Five Catholic nuns whose public protest in September led to the judicial custody of an Indian bishop accused of rape now fear for their lives after he recently was released on bail.
Their fear intensified after a priest who testified against the accused, Bishop Franco Mulakkal of Jalandhar, died Oct. 22 under mysterious circumstances.
"We do not know whether we will be on the face of the earth tomorrow. The bishop can do anything to us," says Sister Anupama, one of the Missionaries of Jesus nuns who staged a sit-in at a busy intersection in Kochi, the commercial hub of the southern Indian state of Kerala.
After 14 days, they ended their indefinite protest on Sept. 22, a day after the Kerala police arrested Mulakkal. The bishop was accused of repeatedly raping Anupama's former superior general between 2014 and 2016. The former superior general filed the police complaint in Kerala on June 28.
The bishop has denied the charges, calling them a vendetta by the nun for his disciplinary action against her. The Missionaries of Jesus is a diocesan congregation under the Jalandhar bishop.
Mulakkal became the first Catholic bishop in India to go to jail in a sexual abuse case on Sept. 22, when a lower court in Kerala sent him to judicial custody that was to end Oct. 20.
However, the Kerala High Court, the highest appellate court in the state, on Oct. 15 granted Mulakkal conditional bail. He had to surrender his passport to the court.
He left jail on Oct. 16, much to the distress of Anupama and her companions — Neena Rose, Josephine, Alphy and Ancitta. (The sisters use only first names for identification.)
"The bishop has money and influence at his disposal to change the course of investigation," Anupama told Global Sisters Report at their convent, a multistoried building at Nadukunnu, a sleepy village near Kuravilangad about 30 miles southeast of Kochi.
She expressed shock at the death of Fr. Kuriakose Kattuthara, a key witness in the case.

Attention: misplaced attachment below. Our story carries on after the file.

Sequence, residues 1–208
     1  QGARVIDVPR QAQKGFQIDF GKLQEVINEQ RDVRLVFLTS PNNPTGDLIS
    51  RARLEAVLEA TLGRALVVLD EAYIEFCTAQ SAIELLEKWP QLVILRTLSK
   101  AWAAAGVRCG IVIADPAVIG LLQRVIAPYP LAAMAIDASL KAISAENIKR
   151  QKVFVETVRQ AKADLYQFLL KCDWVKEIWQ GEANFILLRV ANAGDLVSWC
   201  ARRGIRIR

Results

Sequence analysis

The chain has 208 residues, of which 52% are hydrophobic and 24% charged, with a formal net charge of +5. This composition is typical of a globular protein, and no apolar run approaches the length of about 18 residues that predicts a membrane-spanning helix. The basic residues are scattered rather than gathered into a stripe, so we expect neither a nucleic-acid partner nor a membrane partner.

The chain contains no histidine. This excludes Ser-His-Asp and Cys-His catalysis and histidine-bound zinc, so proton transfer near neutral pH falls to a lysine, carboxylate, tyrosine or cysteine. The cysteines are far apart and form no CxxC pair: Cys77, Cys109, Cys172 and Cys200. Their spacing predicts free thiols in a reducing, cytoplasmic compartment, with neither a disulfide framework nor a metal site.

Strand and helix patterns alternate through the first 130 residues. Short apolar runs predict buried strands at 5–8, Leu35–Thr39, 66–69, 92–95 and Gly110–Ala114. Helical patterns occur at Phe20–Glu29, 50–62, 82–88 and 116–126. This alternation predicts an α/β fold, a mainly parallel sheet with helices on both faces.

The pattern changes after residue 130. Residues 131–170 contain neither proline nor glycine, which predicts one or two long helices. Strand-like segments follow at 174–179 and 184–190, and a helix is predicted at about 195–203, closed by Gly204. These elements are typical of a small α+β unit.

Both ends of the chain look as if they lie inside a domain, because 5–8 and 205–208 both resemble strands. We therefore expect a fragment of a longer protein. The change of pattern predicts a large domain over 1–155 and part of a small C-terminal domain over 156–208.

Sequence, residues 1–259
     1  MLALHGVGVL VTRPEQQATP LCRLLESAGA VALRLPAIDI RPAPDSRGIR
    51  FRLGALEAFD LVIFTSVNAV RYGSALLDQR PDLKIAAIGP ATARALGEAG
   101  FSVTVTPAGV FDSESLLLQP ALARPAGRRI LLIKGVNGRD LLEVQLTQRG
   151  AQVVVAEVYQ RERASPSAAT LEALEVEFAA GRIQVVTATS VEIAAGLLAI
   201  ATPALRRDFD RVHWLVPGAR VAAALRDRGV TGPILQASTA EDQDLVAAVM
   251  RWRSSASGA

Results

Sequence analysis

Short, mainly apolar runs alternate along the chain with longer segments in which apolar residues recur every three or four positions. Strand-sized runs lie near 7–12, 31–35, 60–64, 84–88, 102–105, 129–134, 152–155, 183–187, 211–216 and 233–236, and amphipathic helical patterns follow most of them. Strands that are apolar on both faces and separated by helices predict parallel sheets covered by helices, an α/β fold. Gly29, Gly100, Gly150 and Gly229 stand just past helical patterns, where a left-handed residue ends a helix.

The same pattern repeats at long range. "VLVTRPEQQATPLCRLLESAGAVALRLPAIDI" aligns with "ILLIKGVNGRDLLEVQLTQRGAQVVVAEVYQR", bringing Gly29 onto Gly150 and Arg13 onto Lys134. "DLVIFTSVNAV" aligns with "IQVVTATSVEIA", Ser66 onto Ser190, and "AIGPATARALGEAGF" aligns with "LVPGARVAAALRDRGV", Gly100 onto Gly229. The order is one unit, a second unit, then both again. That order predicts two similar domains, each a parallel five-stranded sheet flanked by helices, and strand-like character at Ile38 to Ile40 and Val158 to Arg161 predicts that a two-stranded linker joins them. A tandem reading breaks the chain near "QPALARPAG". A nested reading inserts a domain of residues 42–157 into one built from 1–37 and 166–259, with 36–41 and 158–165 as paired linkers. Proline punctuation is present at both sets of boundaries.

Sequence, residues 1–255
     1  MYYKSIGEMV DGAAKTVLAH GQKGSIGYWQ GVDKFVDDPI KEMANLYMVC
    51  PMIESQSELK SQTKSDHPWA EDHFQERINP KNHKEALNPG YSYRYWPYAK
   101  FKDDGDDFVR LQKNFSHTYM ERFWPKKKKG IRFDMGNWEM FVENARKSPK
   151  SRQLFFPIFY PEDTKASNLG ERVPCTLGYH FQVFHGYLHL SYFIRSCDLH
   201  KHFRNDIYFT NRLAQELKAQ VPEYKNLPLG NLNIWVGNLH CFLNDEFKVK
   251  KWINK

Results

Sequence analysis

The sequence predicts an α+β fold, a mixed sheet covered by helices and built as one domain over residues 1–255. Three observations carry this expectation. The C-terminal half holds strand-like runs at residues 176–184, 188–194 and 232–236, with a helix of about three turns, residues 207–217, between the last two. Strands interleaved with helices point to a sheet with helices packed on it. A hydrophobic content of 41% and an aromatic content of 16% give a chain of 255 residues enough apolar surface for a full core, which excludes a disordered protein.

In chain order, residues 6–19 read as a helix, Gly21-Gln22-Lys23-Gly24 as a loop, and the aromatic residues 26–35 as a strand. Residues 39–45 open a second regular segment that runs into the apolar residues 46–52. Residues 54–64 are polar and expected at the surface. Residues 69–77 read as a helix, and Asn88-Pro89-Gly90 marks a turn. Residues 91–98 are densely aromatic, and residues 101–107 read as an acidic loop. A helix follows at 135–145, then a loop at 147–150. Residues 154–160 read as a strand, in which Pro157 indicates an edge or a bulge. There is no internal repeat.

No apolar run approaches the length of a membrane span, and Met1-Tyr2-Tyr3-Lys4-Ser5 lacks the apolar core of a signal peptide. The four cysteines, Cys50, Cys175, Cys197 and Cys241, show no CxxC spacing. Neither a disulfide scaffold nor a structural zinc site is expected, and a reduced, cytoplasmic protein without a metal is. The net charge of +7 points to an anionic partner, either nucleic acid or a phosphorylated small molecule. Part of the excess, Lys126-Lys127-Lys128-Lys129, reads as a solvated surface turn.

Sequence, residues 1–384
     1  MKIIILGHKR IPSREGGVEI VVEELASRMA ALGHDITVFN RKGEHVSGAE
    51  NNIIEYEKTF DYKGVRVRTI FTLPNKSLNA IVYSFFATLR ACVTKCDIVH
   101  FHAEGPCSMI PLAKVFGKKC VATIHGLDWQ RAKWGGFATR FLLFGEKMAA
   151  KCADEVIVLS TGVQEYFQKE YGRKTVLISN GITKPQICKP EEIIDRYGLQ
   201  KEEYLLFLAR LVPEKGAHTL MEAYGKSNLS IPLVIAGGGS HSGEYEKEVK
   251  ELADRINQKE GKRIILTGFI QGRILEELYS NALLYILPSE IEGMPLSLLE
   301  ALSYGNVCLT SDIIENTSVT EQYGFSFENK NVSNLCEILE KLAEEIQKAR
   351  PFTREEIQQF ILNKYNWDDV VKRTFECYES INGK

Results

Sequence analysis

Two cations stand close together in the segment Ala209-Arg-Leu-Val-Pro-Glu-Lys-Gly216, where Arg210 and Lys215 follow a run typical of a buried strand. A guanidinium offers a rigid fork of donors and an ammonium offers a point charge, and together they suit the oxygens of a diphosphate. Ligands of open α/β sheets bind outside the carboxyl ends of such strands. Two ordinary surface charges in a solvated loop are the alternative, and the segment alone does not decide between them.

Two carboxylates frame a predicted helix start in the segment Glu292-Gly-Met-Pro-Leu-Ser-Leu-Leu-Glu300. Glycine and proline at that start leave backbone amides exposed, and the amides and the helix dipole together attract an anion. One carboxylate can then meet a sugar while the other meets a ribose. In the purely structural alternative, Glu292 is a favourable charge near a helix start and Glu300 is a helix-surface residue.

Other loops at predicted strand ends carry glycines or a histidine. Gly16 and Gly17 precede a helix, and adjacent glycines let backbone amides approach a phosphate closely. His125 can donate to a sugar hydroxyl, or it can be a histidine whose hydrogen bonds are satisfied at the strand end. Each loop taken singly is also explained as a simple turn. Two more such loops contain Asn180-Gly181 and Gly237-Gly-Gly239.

"We suspect the mysterious death of [Kattuthara] is a subtle warning to us," Anupama says.
The 62-year-old priest was found dead in his room at Dasuya in Hoshiarpur district of Punjab, some 25 miles northeast of Jalandhar.
Mulakkal and the Jalandhar Diocese's apostolic administrator, Bishop Agnelo Rufino Gracias, have expressed sadness over Kattuthara's sudden death.
However, Kattuthara's brother alleges that he was killed. An autopsy has been ordered.
Roshan Joseph, a lay leader in Jalandhar, told GSR that Kattuthara was under great mental strain after testifying against Mulakkal. Some people had reportedly stoned the priest's house in Kerala after he spoke to media against the bishop in July.
Anupama says the priest's death will adversely affect the case's outcome as he was a key witness.
"There is no point in living if the bishop is acquitted," she said dejectedly, watching on social media the footage of a "grand reception" Mulakkal received on Oct. 17 in Jalandhar. People showered him with rose petals and placed huge floral garlands on him as he entered the bishop's residence.
Meanwhile, the Kerala government has deployed police guards at the protesting nuns' convent, amid reports of threats against the sisters.
"We don't permit anyone to enter the convent without the explicit consent of the sisters," one of the two police guards told GSR.
The policemen check visitors' addresses, cell numbers and purpose of the visits before letting them inside the convent. Officers chase away anyone found lingering near the convent, which is hidden by rubber trees, black pepper plants, coffee and nutmeg on a 5-acre plantation.
The nuns' supporters also have expressed shock at Kattuthara's death. "We suspected such things would happen, as [Mulakkal] is very powerful," says Fr. Augustine Vattoly, convener of the Save Our Sisters (SOS) Action Council, a movement launched in the wake of the nuns' protest.
Vattoly on Oct. 22 urged Kerala Chief Minister Pinarayi Vijayan to seek additional protection for the survivor and her supporters in their convent. He also plans to approach the high court to get Mulakkal's bail canceled.
"We will not sit quiet but do our best to ensure that the nuns got justice," Vattoly, a priest of the Ernakulam-Angamaly Archdiocese, told GSR.
The 47-year-old priest said the nuns' protest against the bishop was "a turning point" in the church's history. "We have never heard of Catholic nuns staging a sit-in to demand a bishop's arrest anywhere in the world," he added.
He blamed the church leaders for the nuns going to the street. "They had begged them for justice for two years but to no avail," he said. Not only that, the church leaders had tried to influence the police investigation in Mulakkal's favor, the priest alleges.